With a name like Lyrics Born and more than a decade’s worth of experience in Bay Area underground hip-hop, you’d think Tom Shimura’s top priority would be his rhymes, though that isn’t quite the case here. They’re definitely up there, but on As U Were more so than on his previous albums, Lyrics Born’s main attraction is the funk. Which is to say that the words are good but the beats are better.
Shimura, who cut his teeth as half of the early ’00s group Latyrx and is co-founder of the Solesides collective with the likes of DJ Shadow, the Gift of Gab and Chief Xcel, never really subscribed to the cold intellectualism that self-consciously underground hip-hop is known for. At his shows and on the live album Overnite Encore, Shimura is backed by a funk band, which makes sense for the George Clinton-esque tendencies he seems to have adopted. Like The-Dream, who’s also captivated by the late-’80s intersection of funk, electronica and R&B, As U Were abandons crate-digging for 808 snares and pop clichés; “Coulda Woulda Shoulda” borrows the drum line to “Billie Jean,” “Pushed Aside/Pulled Apart” is clearly aping “Push It” and the first single, “Lies X 3,” alludes to the Thompson Twins’ 1983 hit.
But this is still an album by a veteran of West Coast independent hip-hop, so much of the lyrics reflect the sort of introspective and self-deprecating outsider’s perspective that we’ve come to associate with Bay Area rappers. “I’ve Lost Myself” is exactly what it sounds like: a self-doubting lament with lines like “God please come and save me/ Can’t make it on my own/ All I need is just a little gravy.” That song’s “Hell yeah I’m moody/ Man, this shit is so confusing” sounds like a sentiment Eminem might utter if he were more sulky and self-pitying than bitter and jealous.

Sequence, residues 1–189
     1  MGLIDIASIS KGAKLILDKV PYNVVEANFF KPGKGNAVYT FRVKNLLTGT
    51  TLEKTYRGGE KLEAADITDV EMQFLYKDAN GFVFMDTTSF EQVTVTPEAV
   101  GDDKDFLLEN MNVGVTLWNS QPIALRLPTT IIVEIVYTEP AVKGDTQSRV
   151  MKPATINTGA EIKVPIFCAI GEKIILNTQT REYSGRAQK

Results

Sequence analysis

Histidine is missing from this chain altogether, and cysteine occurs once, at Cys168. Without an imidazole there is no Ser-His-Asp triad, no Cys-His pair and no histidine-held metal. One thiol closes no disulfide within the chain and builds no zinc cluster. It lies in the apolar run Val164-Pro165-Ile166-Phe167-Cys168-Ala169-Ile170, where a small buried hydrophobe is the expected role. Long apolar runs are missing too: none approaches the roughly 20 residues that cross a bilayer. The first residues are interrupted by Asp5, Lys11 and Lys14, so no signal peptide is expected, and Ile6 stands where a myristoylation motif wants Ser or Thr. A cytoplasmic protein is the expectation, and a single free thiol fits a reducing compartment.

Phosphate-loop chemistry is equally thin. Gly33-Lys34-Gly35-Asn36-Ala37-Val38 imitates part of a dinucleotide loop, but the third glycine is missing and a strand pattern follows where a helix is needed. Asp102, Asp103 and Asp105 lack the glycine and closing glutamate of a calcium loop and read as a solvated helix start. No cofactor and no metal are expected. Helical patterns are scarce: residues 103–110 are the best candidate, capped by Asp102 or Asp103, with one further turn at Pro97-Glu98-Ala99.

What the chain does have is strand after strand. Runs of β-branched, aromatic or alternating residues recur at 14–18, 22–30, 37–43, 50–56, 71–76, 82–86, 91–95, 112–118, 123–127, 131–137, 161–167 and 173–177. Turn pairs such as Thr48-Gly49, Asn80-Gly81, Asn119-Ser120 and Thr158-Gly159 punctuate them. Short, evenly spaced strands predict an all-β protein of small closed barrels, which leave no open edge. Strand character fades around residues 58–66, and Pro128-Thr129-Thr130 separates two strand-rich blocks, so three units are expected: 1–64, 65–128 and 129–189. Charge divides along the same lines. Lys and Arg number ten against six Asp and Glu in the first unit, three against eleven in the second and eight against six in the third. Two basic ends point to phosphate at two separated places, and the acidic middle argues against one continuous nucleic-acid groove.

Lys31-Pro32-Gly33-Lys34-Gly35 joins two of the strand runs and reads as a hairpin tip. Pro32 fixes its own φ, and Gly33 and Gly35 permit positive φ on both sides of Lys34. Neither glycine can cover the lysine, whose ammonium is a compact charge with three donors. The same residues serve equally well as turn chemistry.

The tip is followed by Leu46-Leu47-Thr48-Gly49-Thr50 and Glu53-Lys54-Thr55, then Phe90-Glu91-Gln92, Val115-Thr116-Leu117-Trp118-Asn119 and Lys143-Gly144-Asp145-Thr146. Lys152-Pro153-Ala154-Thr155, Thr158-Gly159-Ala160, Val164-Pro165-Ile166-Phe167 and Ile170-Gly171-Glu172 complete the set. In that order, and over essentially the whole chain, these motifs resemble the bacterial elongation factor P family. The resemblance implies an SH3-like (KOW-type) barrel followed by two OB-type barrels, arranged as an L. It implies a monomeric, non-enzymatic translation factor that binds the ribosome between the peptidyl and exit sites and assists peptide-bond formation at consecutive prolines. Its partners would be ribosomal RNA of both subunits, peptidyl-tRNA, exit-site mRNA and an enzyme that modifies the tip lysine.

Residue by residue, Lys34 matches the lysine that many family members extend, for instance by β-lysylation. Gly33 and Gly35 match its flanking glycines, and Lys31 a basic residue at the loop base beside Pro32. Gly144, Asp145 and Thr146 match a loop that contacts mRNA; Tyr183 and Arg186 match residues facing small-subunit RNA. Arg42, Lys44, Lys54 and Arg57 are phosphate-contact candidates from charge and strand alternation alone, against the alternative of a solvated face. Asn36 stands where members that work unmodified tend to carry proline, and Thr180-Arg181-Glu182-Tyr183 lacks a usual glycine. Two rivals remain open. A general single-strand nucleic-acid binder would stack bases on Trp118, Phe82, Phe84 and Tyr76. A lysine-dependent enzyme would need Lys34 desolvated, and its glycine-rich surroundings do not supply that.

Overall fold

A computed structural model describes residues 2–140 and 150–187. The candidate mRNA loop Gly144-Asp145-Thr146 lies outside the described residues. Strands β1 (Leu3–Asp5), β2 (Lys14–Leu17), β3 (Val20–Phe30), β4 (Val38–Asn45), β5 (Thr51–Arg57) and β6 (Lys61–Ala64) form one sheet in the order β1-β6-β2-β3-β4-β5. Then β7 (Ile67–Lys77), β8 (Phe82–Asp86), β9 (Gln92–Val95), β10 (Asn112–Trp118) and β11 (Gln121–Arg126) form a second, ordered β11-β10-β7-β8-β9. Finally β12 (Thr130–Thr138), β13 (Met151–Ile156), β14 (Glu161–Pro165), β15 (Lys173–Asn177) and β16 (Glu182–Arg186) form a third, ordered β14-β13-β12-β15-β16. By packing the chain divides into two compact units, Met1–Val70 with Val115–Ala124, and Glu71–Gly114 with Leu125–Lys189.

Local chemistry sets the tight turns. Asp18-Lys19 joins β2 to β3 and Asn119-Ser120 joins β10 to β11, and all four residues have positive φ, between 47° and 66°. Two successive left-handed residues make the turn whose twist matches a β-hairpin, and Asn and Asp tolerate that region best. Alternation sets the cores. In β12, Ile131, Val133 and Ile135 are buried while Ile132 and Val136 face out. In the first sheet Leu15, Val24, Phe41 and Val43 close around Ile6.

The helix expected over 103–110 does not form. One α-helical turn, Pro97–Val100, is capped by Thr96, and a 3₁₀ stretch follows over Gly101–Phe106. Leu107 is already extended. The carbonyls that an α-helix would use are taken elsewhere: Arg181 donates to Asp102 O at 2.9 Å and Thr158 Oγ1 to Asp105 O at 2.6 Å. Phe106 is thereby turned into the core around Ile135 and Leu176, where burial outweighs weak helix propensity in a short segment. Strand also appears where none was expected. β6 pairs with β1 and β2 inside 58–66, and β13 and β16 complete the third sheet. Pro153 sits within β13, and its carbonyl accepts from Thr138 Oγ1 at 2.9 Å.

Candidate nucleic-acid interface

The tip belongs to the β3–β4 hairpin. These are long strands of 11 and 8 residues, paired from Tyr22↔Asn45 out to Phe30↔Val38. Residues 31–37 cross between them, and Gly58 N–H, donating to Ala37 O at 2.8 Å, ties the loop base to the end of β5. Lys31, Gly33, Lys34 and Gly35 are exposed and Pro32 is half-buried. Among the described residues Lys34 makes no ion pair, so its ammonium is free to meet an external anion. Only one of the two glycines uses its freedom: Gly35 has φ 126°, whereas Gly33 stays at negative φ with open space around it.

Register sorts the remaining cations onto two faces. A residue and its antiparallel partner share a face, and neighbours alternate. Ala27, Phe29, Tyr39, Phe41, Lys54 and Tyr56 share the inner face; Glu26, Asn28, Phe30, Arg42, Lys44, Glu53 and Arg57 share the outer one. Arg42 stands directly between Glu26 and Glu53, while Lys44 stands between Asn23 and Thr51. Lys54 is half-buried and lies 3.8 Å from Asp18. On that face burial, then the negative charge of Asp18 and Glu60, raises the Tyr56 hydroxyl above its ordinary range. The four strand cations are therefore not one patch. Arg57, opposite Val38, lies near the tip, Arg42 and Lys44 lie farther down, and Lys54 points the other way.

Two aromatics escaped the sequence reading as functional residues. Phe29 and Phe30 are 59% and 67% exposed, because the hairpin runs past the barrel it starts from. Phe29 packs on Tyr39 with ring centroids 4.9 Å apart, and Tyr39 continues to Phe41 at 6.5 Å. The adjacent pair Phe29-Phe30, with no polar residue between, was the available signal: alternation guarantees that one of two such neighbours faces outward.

Yet, as a rapper that strongly identifies with independent hip-hop, Shimura often paints himself in opposition to radio stars. For years his albums have featured skits distancing himself from them — from a track on his solo debut, Later That Day… about his low bank account balance, for example, or a gag here about starting a Lyrics Born cereal brand — but that joke starts to sound somewhat stale when he’s making overt musical references to Prince and Michael Jackson. Not that his music is any worse for his underground ethos — anything but, in fact — it’s just that he distances himself from the mainstream while still making blatant pop music, which comes off as kind of silly. As a funk or electro album, As U Were is fun to listen to. A little cheesy, maybe, but it gets the proverbial party started, which is always a clear sign that something’s going well. It’s when Lyrics Born tries to hang on too tightly to his old roots that things start to get messy.